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April 18, 2006

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Comments

mlq3

Hi Rebecca. I'm not a lawyer, I'm a journalist. It was a pleasure meeting you and hearing your keynote address.

toni

I was there among the nameless faces at today's iblog 2. iwanted to approach you for an interview but hesitated you seemed busy enough. i was delighted to listen to the talk you gave and it has really hit home, how the 21st century will be set apart as one like no other, by this networking and communications revolution. a "tv personality-turned-blogger" who decided to converse with the world rather than talk at it... gives me fresh vision of this onrushing future. hey, thanks...

Janette Toral

Thank you so much for supporting iBlog2 and hope you'll visit the Philippines again next year.

Daphne Haour-Hidalgo

Tagalog is a beautiful and romantic language, but unfortunately has a limited vocabulary. Foreigners who learn the language speak it better than most Filipinos. Filipinos speak Tagalog colloquially, whereas foreigners speak it eloquently in its formal and literary form.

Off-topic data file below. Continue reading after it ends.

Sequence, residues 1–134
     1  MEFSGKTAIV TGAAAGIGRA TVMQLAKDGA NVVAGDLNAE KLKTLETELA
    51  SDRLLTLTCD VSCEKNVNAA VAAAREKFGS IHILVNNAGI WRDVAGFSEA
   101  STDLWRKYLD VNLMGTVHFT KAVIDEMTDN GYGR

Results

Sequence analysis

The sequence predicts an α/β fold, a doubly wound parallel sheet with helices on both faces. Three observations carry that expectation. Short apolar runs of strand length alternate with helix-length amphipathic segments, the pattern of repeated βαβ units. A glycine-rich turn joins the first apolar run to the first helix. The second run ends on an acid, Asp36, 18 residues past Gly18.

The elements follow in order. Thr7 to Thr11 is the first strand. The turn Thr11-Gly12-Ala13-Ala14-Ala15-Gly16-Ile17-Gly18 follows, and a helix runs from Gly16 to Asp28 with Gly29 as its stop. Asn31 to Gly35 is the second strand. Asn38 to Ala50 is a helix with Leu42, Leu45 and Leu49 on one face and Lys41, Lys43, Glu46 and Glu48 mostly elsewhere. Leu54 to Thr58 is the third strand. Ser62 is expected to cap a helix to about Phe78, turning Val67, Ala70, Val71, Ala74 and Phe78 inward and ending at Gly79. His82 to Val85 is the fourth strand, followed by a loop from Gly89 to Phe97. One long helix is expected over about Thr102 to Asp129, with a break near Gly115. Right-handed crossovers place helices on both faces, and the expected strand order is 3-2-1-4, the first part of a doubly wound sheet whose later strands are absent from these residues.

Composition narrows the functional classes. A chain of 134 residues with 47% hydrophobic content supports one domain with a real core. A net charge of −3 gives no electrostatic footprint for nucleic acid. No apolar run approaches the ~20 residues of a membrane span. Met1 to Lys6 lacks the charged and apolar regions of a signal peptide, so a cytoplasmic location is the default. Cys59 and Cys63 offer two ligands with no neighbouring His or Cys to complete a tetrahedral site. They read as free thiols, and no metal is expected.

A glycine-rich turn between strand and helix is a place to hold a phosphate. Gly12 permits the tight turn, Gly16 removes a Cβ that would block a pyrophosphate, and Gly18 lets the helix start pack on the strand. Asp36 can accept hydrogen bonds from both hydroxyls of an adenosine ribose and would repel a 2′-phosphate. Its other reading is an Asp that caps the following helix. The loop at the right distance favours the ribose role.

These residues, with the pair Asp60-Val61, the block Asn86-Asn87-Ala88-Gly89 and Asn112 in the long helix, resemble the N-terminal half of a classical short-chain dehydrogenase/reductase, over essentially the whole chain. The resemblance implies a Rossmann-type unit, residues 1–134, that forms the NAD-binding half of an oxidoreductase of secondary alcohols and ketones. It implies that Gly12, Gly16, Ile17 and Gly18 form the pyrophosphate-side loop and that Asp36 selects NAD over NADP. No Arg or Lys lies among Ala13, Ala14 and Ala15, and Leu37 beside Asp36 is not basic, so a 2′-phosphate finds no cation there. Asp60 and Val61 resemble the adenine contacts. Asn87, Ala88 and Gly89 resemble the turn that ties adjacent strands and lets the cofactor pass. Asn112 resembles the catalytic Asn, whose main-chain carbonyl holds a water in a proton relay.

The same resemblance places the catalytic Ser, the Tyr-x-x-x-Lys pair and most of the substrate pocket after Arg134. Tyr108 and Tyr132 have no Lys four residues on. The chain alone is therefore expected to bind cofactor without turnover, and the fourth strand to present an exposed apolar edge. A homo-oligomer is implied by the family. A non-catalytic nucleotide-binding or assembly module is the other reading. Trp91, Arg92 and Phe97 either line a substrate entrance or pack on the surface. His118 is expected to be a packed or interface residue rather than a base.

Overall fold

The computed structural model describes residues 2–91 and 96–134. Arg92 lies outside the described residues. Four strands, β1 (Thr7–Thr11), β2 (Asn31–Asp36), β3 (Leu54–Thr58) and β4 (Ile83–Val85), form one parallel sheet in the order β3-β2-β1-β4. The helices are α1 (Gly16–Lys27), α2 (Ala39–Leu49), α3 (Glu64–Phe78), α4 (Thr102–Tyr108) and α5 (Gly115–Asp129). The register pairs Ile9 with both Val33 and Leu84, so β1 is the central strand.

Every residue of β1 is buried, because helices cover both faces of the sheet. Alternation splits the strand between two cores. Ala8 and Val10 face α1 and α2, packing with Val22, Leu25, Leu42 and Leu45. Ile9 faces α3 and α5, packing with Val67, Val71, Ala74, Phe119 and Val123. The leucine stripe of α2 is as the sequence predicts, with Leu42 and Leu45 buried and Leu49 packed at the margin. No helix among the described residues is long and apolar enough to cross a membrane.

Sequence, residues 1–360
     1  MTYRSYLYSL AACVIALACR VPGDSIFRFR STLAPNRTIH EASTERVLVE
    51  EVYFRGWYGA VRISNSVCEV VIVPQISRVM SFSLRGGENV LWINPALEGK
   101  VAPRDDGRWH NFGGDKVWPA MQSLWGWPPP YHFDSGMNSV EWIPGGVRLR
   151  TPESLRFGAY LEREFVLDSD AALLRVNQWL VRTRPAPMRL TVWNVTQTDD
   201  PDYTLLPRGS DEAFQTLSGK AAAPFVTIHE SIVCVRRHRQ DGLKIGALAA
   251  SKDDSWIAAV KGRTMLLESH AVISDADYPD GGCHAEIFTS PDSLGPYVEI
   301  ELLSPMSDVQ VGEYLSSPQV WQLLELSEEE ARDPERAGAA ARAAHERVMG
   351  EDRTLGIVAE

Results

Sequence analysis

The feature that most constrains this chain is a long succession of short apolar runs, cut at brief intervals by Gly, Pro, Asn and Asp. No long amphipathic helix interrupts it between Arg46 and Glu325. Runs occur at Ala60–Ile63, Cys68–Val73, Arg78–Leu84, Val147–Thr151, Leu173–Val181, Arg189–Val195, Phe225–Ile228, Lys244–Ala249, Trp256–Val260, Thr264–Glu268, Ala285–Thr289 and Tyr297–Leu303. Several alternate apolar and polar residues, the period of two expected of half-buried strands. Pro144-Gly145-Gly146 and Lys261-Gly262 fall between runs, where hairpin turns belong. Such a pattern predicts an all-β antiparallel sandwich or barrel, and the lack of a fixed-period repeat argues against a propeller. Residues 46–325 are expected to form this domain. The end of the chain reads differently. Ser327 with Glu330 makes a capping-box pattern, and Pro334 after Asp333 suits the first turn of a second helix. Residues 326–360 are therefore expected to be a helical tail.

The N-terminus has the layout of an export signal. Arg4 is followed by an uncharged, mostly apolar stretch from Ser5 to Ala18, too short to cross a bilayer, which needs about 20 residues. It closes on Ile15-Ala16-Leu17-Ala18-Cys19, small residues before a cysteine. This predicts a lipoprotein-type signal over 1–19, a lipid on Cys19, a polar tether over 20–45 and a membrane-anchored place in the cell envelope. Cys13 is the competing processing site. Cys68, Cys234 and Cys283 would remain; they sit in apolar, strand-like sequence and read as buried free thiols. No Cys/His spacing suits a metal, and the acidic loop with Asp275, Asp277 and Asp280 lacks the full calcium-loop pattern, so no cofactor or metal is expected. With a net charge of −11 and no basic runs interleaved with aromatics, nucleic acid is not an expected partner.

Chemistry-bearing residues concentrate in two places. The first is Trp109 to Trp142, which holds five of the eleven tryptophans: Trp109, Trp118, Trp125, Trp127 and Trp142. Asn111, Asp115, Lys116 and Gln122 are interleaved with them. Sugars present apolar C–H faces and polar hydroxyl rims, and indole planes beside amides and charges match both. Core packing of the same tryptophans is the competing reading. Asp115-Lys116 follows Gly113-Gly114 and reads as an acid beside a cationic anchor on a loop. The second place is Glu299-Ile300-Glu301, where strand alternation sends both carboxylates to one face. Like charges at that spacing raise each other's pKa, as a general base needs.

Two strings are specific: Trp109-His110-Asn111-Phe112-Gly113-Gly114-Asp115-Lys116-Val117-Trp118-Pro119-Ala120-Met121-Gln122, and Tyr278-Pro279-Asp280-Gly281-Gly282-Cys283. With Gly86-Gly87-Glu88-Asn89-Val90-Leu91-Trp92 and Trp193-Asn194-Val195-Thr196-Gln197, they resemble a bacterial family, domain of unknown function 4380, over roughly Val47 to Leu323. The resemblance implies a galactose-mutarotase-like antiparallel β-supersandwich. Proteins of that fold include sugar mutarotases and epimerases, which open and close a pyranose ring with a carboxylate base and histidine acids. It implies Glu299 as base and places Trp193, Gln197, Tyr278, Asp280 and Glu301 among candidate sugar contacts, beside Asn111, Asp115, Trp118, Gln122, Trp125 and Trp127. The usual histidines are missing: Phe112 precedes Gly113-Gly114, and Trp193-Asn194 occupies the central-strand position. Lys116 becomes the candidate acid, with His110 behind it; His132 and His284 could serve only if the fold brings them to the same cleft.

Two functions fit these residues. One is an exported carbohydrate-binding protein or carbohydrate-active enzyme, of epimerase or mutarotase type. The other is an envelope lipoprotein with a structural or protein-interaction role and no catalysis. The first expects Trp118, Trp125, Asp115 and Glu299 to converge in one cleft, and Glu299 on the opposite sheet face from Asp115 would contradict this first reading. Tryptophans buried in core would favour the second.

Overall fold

Tagalog is the language of the capital and is one of the eight major languages in the country (there are between 100 to 150 indigenous languages and dialects in the Philippines). But Tagalog is not the language spoken by the majority of Filipinos; only 23% of the population are native Tagalog speakers.

The Tagalogs are a part of the population, and the language, culture, and customs of this segment do not speak for the entire nation. We alienate other linguistic groups by choosing this indigenous language, only because it is the language of the capital.

peterlavina

Thank you for your inspiration. I must confess I express myself better in English than in my native languages like Tagalog and Cebuano. But almost all Filipinos understand English. Our problem is connectivity. There are still many areas that have no internet service. But the large overseas Filipino communities all over the world where internet is available are our market too. Best wishes.

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